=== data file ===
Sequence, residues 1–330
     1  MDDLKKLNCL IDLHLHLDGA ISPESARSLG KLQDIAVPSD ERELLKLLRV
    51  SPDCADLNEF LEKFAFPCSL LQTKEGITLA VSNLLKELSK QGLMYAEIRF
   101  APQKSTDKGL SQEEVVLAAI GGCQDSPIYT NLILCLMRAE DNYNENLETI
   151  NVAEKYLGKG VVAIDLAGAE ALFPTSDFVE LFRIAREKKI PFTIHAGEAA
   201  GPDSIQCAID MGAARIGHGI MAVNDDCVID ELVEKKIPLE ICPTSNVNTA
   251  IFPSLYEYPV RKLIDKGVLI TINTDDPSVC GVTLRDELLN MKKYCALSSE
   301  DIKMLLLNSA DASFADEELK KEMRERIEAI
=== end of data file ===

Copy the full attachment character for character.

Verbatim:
Sequence, residues 1–330
     1  MDDLKKLNCL IDLHLHLDGA ISPESARSLG KLQDIAVPSD ERELLKLLRV
    51  SPDCADLNEF LEKFAFPCSL LQTKEGITLA VSNLLKELSK QGLMYAEIRF
   101  APQKSTDKGL SQEEVVLAAI GGCQDSPIYT NLILCLMRAE DNYNENLETI
   151  NVAEKYLGKG VVAIDLAGAE ALFPTSDFVE LFRIAREKKI PFTIHAGEAA
   201  GPDSIQCAID MGAARIGHGI MAVNDDCVID ELVEKKIPLE ICPTSNVNTA
   251  IFPSLYEYPV RKLIDKGVLI TINTDDPSVC GVTLRDELLN MKKYCALSSE
   301  DIKMLLLNSA DASFADEELK KEMRERIEAI